A Simulation Tool to Enable Identification of Critical Network Interactions Using

Period of Performance: 09/10/2008 - 04/10/2010

$99.6K

Phase 1 SBIR

Recipient Firm

CFD Research Corp.
701 McMillian Way NW Suite D
Huntsville, AL 35806
Principal Investigator

Abstract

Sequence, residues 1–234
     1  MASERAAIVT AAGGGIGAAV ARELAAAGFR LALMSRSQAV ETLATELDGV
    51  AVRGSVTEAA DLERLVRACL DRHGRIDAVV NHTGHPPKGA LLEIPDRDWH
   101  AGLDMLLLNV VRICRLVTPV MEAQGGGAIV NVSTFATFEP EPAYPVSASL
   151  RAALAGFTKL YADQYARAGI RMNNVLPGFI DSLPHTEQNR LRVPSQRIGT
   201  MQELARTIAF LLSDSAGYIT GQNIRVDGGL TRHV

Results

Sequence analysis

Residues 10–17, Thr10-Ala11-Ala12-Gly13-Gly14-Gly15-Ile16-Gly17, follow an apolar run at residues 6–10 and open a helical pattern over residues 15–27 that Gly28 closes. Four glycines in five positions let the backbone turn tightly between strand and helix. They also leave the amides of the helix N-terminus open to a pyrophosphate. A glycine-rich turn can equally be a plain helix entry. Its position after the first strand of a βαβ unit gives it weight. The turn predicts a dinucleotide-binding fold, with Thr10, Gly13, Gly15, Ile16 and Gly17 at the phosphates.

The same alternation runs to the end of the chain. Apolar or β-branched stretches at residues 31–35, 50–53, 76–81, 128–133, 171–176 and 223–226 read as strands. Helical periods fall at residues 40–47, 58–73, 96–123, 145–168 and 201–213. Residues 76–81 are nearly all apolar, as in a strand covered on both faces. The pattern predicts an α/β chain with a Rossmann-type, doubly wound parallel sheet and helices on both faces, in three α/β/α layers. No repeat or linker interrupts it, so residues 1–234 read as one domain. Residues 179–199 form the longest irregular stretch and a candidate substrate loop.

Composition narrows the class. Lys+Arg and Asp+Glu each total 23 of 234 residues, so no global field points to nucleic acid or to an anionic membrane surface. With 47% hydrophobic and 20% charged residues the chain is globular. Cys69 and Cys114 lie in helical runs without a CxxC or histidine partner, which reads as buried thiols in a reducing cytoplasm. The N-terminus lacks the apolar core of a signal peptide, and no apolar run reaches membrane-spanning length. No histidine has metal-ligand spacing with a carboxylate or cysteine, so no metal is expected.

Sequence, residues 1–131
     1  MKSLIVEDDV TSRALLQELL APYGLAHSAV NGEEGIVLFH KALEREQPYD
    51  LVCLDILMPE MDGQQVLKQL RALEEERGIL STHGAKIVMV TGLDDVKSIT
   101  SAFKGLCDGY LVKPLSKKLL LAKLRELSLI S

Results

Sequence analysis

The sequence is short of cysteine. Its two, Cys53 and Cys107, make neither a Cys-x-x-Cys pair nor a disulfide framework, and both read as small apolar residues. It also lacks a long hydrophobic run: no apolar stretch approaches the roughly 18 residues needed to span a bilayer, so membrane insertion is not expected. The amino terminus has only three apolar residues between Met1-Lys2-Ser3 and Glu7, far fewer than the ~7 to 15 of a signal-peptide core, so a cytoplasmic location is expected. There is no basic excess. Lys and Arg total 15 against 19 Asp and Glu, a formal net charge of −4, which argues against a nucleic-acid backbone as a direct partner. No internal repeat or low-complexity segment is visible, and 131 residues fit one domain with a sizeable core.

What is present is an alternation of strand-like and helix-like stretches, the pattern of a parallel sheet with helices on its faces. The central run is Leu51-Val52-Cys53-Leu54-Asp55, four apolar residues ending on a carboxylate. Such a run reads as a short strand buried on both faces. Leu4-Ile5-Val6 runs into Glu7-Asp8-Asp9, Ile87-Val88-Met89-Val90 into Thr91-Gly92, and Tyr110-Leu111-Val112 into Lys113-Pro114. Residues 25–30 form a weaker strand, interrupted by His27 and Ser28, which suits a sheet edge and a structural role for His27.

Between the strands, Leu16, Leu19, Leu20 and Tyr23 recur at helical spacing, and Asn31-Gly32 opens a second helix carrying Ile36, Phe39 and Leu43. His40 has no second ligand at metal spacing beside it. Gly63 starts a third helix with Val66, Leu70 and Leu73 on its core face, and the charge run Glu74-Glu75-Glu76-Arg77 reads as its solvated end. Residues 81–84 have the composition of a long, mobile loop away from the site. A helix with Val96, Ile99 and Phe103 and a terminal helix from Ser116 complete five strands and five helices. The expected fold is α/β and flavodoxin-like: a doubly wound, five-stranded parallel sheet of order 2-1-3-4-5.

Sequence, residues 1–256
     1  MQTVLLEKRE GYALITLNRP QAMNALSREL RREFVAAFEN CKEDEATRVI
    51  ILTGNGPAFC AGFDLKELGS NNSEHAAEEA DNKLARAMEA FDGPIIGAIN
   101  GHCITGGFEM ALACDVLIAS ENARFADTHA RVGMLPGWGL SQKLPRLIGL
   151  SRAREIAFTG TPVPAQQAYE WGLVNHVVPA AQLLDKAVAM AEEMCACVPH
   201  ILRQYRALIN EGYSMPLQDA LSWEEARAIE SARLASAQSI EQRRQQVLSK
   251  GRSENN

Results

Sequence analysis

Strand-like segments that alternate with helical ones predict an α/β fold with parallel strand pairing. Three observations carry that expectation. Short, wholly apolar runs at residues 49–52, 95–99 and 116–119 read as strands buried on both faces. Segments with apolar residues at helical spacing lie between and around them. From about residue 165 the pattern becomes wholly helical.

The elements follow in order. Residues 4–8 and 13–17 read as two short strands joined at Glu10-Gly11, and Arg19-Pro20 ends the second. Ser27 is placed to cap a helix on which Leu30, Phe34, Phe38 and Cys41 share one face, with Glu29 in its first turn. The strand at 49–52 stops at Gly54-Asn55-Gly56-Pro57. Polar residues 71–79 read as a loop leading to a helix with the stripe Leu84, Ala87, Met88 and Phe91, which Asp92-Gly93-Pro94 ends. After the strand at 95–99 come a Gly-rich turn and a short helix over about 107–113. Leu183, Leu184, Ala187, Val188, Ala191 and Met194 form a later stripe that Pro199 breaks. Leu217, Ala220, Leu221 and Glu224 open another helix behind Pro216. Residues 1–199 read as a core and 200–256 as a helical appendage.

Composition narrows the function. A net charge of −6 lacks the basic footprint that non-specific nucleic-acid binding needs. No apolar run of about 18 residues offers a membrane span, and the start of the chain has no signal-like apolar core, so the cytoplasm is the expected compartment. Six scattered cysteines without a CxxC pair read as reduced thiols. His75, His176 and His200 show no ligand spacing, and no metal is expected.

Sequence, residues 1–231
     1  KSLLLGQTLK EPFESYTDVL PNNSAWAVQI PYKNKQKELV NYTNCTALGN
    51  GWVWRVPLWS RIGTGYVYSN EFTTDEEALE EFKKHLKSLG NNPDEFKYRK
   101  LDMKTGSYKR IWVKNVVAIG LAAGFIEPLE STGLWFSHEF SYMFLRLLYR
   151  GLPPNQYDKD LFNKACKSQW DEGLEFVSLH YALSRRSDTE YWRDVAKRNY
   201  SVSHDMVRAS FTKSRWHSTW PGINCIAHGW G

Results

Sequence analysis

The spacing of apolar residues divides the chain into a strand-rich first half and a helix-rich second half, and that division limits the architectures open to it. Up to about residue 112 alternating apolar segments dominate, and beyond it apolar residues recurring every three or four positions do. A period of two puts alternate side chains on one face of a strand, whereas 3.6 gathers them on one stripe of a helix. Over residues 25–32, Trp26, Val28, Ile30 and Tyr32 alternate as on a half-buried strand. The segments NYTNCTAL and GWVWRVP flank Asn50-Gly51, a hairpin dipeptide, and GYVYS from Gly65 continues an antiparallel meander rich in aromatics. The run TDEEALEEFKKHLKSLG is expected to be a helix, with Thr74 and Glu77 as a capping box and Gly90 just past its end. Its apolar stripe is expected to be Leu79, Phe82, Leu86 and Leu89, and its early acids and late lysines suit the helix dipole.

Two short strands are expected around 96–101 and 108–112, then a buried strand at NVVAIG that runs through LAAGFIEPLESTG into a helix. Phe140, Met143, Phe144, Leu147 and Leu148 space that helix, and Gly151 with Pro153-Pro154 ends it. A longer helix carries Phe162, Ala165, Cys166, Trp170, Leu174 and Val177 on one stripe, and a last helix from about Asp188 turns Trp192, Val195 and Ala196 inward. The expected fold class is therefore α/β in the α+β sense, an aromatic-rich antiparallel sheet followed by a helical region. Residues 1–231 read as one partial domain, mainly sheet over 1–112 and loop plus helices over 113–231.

DESCRIPTION (provided by applicant): One of the main challenges in the discovery of intracellular biomarkers and identification of therapeutic targets is the lack of a mechanistic understanding of the complex underlying pathways. The tremendous increase in both the quantity and diversity of cellular data represents a significant challenge to researchers seeking to construct biologically relevant interaction maps, and objectively extract specific actionable information. Machine learning based clustering algorithms serve as a preliminary statistical data analysis metric, but they fail to capture the data in the proper biological context. While chemical kinetics based models have proved to be effective in elucidating the pathway mechanisms, accurate estimates for the model parameters are severely lacking and are often impossible to obtain owing to the inherent difficulties involved in making dynamic measurements of specific intracellular phenomena. Additionally, methods for rational prioritization and selection of critical intracellular interactions (in the absence of kinetic information) are sorely lacking. Therefore, there is a clear need for innovative software tools that enable quantitative analysis of available microarray data in a biological pathway context, ultimately leading to the objective identification of critical biological interactions, providing a direction for more focused future efforts. We propose to address this challenge by developing an automated software platform that utilizes microarray data to select and merge relevant canonical biological pathway models thereby placing significantly expressed genes in their biological context. The analysis software will utilize a microarray expression-weighted metric to objectively rank the most critical interactions within the network model using a novel chemical kinetics-free Boolean dynamics algorithm. In the Phase I effort, we will develop a software tool composed of an R library that enables the automated generation of a pathway model from a given microarray dataset. Additionally, a methodology, and associated R library will be developed to objectively rank critical interactions in the pathway model, using a microarray data expression-weighted metric. Demonstration and validation of proposed algorithm will be carried out using a well characterized lipopolysaccharide (LPS) stimulated RAW 264.7 macrophage system. In Phase II, we will extend the scope of the algorithmic framework to include proteomic and metabolomic weighting in the objective ranking of critical interactions, and add workflow improvements through the addition of a graphical user interface (GUI). Experimental verification and validation of critical interactions identified in Phase I will be carried out using gene-silencing techniques. We also intend to establish collaborative partnerships with commercial entities. The proposing team has extensive experience in the areas of systems biology and bioinformatics (CFDRC) and microarray data analysis (Shawn Levy, University of Vanderbilt). CFDRC has a strong track record in the commercialization of software and hardware. PUBLIC HEALTH RELEVANCE: Recently, there has been a tremendous increase in both the amount and diversity of cellular data available to researchers, representing a clear need for the development of advanced computational analysis software to enable the discovery of biomarkers of disease states, and identification of new therapeutic targets. However, currently available analysis tools do not consider the data in a proper biological context. This research proposes to develop an automated software platform that utilizes available data to develop and analyze mathematical models of complex processes in an automated fashion, resulting in the identification of critical intracellular processes.